According to David Virtue, that last paragraph may be the key to ECUSA's newfound cooperative attitude.
In 1979 at Denver General Convention everything suddenly changed. Traditional parishes came under scrutiny from liberal bishops over womens ordination and in order to stem the tide of parishes pulling out with their property the Episcopal Church changed its property canon to read that all parishes were now the property of the national church.
But heres the kicker. Any changes to the churchs canon law had to be approved at two successive general conventions. The first approval previously had passed in 1976 so the second reading of the proposed property canon change had to pass if the liberals/modernists were to stop the traditionalists from leaving with their monies, buildings and considerable trust funds. IT NEVER HAPPENED.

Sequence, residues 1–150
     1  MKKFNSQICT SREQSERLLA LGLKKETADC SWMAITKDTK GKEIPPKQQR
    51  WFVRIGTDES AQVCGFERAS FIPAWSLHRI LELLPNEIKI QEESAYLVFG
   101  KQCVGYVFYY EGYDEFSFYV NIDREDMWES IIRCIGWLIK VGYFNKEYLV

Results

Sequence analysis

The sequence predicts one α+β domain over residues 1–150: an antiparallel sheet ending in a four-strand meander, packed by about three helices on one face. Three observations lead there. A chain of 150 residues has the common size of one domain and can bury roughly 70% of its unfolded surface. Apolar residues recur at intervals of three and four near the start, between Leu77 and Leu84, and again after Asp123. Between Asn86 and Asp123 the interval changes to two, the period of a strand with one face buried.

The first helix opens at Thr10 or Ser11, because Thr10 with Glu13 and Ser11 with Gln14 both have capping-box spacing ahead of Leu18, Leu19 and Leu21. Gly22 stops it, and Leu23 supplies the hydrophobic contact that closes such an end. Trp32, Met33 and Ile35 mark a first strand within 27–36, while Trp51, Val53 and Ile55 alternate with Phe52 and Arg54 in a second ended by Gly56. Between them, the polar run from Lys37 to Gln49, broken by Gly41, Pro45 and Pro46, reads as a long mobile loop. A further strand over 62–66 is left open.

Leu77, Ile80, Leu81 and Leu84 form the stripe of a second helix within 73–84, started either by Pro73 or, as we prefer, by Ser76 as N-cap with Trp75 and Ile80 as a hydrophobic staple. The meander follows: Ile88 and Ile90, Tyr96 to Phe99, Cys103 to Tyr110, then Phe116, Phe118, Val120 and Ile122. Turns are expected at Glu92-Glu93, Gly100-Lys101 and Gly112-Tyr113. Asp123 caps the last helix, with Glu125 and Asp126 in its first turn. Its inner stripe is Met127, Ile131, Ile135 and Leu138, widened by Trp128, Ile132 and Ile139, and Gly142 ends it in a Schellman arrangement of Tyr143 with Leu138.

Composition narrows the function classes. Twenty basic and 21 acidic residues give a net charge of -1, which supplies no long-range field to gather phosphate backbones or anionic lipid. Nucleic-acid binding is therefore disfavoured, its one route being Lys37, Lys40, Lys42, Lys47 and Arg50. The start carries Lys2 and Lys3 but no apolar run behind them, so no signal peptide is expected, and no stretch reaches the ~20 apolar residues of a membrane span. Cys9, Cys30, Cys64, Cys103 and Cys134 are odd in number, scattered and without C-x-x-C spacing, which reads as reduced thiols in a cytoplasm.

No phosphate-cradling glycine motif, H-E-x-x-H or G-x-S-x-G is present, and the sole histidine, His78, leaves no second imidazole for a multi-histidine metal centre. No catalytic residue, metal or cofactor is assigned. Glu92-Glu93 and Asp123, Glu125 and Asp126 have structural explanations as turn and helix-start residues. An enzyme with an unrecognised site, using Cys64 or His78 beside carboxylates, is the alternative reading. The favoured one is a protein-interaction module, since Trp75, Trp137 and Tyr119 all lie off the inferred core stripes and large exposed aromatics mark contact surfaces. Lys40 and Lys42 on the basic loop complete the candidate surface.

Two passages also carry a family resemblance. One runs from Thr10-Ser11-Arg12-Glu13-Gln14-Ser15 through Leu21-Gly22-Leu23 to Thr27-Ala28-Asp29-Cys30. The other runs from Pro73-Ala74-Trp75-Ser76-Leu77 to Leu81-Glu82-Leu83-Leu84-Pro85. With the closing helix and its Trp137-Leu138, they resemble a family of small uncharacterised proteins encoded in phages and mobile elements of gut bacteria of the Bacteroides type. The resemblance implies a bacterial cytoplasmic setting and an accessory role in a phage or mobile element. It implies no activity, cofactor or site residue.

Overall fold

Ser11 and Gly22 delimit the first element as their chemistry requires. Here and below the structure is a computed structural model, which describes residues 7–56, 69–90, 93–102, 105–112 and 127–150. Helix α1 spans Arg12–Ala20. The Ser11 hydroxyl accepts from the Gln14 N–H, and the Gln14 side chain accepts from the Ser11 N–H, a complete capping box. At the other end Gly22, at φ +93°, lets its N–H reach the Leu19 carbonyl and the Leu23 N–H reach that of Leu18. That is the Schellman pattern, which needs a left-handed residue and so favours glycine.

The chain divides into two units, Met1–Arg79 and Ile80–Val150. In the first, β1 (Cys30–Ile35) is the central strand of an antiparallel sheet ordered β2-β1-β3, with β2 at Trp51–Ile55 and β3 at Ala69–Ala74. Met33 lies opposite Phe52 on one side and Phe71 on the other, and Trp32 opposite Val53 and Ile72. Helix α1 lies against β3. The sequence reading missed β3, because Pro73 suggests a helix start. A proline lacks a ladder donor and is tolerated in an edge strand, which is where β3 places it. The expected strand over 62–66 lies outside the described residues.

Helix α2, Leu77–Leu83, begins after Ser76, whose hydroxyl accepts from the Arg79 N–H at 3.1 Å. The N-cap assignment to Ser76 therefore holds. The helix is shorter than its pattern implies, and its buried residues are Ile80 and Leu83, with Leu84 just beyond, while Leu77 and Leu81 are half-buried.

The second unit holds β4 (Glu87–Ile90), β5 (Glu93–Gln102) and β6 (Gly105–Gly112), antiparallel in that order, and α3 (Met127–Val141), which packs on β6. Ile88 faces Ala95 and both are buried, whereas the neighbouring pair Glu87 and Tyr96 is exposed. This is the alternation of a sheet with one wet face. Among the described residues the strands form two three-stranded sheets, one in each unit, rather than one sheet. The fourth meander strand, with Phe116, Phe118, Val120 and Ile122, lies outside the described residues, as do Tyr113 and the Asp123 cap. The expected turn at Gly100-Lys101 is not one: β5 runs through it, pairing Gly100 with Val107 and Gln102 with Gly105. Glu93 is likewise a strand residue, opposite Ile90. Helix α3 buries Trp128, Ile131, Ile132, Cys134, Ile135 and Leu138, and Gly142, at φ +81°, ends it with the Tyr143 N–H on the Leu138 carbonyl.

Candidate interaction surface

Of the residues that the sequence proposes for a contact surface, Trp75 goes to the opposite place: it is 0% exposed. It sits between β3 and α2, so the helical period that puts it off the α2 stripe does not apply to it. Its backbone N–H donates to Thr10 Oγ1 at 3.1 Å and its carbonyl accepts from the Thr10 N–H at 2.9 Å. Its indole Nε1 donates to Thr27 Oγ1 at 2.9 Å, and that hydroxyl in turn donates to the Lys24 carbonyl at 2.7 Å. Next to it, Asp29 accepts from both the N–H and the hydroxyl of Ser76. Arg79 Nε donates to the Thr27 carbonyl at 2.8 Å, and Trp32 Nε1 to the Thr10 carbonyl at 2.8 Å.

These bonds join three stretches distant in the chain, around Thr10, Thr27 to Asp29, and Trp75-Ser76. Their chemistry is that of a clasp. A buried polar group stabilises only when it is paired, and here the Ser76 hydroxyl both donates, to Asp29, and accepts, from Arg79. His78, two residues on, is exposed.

Like many state legislatures, there is a large amount of church legislation that passes through a logjam on the last day and night of the legislative session. This is apparently what happened to the property change canon. Of course, this was part of the scheming and maneuvering on the part of the liberals, writes Thompson.
"According to the two canon lawyers appointed by the church to compile and annotate all canonical changes effected by the General Convention, Messrs. White and Dyckman, "there is no record of it (the proposed change) having passed both houses". These words were contained in a 1981 or 1982 copy of White and Dyckmans Annotated Constitution and Canon of the Protestant Episcopal Church of North America (the official and legal record of all proceedings of the convention) that I personally possessed and used almost daily in my work. A priest (later a bishop) who was physically present at the general convention and who closely watched to see whether or not this specific canonical change passed told me that it did not pass."